How’s this for guts? The Cincinnati, Ohio Public Schools have just adopted a plan describing in clear, ambitious detail, their goals for the next five years. It’s a bold, important document, one that communities all over the country can learn from. Even districts with higher achievement than Cincinnati may gain from studying their easily understood, concrete goals.
Cincinnati’s strategic plan describes where the district was in the 2004-05 school year, and where it wants to be by the 2010-11 school year. For example:
- High school graduation rate: 77 percent of 9th graders who entered four years earlier graduated in 2004-2005. That’s up just over half in the 2000-2001 school year. But the district rightly is not satisfied, and wants to achieve 95 percent by 2010-11.
- College entrance tests: Most recent figures available show that 53 percent of CPS students take college entrance tests. The district wants to increase that to 75 percent. The district also wants to increase the average students’ score on the ACT from 20 to 23, and the average combined score on the SAT from 869 to 1000.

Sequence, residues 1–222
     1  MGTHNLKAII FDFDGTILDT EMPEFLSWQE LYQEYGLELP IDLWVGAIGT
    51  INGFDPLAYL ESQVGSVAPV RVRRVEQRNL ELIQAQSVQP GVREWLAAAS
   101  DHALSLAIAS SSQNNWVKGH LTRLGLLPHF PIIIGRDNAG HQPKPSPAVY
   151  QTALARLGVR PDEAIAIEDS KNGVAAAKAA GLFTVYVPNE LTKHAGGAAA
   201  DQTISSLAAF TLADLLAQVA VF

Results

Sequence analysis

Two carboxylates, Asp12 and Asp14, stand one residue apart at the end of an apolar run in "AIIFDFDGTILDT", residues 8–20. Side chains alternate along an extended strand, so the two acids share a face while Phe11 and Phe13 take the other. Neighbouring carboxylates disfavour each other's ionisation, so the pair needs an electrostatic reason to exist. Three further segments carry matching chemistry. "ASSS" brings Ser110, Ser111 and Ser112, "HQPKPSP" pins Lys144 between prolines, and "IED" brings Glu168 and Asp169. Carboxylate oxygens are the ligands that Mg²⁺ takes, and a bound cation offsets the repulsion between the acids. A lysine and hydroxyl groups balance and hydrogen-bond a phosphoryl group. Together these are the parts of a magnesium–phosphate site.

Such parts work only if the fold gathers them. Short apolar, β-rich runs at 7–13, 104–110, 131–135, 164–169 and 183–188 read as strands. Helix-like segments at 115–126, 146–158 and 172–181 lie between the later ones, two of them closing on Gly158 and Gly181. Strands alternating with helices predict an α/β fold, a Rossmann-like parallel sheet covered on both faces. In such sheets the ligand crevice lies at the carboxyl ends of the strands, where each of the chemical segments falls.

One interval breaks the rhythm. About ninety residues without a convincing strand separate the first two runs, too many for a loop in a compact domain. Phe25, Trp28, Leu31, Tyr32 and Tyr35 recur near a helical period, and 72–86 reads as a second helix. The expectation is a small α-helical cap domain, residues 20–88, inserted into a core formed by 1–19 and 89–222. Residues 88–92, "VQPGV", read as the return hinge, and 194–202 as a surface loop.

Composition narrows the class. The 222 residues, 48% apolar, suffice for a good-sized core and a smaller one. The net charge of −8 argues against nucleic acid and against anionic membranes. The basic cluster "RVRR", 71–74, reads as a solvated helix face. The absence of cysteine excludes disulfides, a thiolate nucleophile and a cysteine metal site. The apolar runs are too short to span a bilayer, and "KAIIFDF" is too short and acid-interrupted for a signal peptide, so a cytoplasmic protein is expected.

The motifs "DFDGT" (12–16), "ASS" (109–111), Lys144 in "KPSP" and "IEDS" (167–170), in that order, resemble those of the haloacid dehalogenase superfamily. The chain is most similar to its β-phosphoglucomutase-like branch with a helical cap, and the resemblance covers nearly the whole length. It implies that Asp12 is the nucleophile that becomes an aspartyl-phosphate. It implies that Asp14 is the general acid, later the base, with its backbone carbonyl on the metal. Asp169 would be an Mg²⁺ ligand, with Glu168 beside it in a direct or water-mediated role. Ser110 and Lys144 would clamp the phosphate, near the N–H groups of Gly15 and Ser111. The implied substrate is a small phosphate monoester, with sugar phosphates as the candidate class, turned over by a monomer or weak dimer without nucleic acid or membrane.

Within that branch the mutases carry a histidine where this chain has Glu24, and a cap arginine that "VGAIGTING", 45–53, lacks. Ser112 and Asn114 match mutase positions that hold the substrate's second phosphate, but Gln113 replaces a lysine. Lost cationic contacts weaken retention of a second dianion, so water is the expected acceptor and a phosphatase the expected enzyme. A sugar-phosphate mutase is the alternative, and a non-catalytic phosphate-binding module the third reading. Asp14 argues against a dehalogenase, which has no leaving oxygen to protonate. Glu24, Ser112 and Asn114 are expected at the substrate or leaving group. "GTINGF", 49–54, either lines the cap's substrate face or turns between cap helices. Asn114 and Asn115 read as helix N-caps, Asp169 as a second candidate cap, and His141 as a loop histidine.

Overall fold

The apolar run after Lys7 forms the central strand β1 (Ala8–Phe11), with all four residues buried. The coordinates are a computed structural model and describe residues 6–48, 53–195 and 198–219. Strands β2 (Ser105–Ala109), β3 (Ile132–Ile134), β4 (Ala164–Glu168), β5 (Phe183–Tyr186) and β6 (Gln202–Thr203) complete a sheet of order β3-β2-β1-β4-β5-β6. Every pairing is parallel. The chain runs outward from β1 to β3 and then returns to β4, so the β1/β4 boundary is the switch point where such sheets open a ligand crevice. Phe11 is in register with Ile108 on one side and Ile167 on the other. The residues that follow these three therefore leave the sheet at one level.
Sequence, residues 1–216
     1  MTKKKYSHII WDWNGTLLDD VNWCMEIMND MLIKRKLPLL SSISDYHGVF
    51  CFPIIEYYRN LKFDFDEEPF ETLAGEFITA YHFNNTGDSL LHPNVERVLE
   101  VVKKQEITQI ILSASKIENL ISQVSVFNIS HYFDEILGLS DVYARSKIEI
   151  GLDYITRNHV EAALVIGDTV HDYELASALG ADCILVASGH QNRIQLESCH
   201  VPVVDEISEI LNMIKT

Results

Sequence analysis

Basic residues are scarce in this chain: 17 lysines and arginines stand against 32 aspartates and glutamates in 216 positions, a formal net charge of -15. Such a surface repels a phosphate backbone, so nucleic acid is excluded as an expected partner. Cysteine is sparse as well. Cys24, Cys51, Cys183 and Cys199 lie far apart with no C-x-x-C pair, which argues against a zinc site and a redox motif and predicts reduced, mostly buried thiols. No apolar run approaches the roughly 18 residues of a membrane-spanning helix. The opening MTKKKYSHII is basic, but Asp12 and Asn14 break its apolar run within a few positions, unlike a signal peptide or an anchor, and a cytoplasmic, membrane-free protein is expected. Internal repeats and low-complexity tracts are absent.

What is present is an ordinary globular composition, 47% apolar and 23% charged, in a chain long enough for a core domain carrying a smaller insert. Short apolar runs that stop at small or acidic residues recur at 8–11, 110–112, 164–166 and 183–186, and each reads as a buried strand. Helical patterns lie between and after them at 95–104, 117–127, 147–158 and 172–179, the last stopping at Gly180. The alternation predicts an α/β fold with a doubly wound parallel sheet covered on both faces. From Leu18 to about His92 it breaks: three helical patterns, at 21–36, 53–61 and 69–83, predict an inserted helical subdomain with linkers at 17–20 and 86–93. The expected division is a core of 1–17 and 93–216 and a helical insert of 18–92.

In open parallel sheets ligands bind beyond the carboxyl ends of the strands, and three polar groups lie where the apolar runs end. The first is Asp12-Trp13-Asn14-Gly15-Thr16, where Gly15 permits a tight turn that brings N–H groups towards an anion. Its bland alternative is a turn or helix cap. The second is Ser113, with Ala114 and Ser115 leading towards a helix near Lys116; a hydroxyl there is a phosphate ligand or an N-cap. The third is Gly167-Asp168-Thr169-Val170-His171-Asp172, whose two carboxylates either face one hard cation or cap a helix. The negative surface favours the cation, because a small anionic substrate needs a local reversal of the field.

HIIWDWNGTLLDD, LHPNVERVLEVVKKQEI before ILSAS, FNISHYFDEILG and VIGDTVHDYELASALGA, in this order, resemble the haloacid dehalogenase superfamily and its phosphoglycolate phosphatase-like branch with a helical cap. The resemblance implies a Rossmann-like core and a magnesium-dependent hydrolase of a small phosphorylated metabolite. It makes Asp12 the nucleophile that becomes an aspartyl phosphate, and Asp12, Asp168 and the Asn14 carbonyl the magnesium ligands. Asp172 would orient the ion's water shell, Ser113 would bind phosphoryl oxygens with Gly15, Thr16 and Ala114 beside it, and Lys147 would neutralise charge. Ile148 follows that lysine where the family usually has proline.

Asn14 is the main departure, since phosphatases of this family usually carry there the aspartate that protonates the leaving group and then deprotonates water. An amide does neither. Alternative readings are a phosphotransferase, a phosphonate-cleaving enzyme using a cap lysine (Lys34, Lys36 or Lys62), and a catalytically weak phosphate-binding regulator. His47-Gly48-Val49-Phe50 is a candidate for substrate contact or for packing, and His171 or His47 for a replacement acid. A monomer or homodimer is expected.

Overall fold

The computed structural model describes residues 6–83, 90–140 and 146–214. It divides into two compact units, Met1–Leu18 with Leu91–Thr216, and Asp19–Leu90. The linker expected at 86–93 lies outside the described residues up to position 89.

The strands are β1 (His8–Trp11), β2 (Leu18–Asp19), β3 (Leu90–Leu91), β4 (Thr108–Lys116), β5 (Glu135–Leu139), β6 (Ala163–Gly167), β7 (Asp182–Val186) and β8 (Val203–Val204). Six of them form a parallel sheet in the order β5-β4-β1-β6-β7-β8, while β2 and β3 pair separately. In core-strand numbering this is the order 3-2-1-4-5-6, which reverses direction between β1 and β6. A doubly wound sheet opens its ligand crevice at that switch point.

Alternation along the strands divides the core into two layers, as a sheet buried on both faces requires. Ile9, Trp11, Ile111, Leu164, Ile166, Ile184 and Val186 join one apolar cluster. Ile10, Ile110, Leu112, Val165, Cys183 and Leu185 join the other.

- Rigorous high school courses: CPS wants to increase the percentage of students taking Advanced Placement, International Baccalaureate or other college level courses from 18 percent to 30 percent.
- Kindergarten readiness: The district aims to increase the number of kindergarten students "on track" from 49 percent to 59 percent.
These are examples of 16 different indicators that the school board has adopted. This is a great example of using various assessments to measure progress. (You can see the full plan here.)
Over the last five years, our Center, with support from the Bill and Melinda Gates Foundation, has worked with Cincinnati’s high schools, helping them increase graduation rates, test scores and attendance. But I was not involved in the creation of the district strategic